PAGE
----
And just how much spin do you get for $10,000 – probably not enough. It’s beginning to get interesting at the bottom of Brant Street.

By Pepper Parr

BURLINGTON, ON.  March 8, 2013  The city manager is reported to have put out a Request for Proposals on supplying of communications services to the city as they begin to prepare to tell the public about the status of the legal problems related to the construction of the Brant Street pier and the various law suits that are currently in the process of getting ready for a trial.

Councillor Marianne Meed Ward, the one council member who wanted to continue discussions with Henry Schilthuis and Sons Ltd.,  the contractor that walked off the job in early 2010 after doing everything they could to resolve the problems related to the construction,  which many feel began to come to the surface when the crane doing some work on the site toppled and some of the steel beams were badly bent.

The contractor had problems with this project the day he walked onto the site.

While the messy part of the discussions with the contractor took place during the Cam Jackson  council, Rick Goldring, the Mayor who replaced him, had to make decisions of his own to not continue with Henry Schilthuis and Sons Ltd. and put out a new tender which was awarded to Graham Infrastructure.

Goldring and his council had more than one opportunity to resolve the differences and bring a fresh approach to the construction project.  At the time the contractor, Henry Schilthuis and Sons Ltd., and the city were less than $3 million apart.    The increased cost of completing the pier and the legal costs exceed that $3 million by a considerable margin.

The construction is coming along very well and short of something cataclysmic the pier will be officially opened in June, perhaps as part of the Sound of Music Festival.

The node that will have an observation deck as well as a beacon that will soar 12 metres into the air is well underway. Railings that will prevent people from falling over are being fabricated – all should be ready for a Sound of Music festival opening.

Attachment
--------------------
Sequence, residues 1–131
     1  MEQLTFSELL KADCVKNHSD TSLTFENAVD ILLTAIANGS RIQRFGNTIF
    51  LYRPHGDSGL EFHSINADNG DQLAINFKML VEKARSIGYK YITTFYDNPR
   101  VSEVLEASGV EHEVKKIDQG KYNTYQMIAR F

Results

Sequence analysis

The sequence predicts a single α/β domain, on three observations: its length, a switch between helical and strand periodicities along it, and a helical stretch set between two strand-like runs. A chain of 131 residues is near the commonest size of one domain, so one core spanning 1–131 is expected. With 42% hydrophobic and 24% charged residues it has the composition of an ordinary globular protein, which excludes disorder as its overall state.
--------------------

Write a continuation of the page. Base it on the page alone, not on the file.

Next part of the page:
Construction is on time – on budget, so they say – but there are all kinds of expenses being racked up that are not being talked about.

The most recent is a suggested $10,000 that wold come from the city manager’s budget for “communications services”, related to legal matters about the pier.

The legal spat between the city and Henry Schilthuis and Sons Ltd. is now at the discovery stage where more than half a dozen companies are involved.  The process of Examination for Discovery, which is when each side gets to see information the other side has as they prepare for a trial.

It is not unusual for the parties to, after having looked at the documents, decide that they should think in terms of talking a settlement rather than go through an expensive lengthy trial.

Tom Eichenbaum, Burlington’s Director of Engineering is a vital part of both the city’s claim against Henry Schilthuis and Sons Ltd. and its defense of the claim the contractor is making against the city. It is not a pleasant time for Eichenbaum.

Discover hearings have been going on for the last month and got extended recently when Henry Schilthuis and Sons Ltd., asked to be able to question the city’s Director of Engineering at more length.

It is believed there was one attempt to get into settlement discussions and that the opportunity to do so was presented to city council but they declined.

It is reported that city solicitor, Nancy Shea Nicol, told council that there was “no smoking gun” and that is believed to be true.  However there does appear to be a consistent number of incidents which when linked together amounts to a preponderance of evidence that does not look all that good for the city’s case.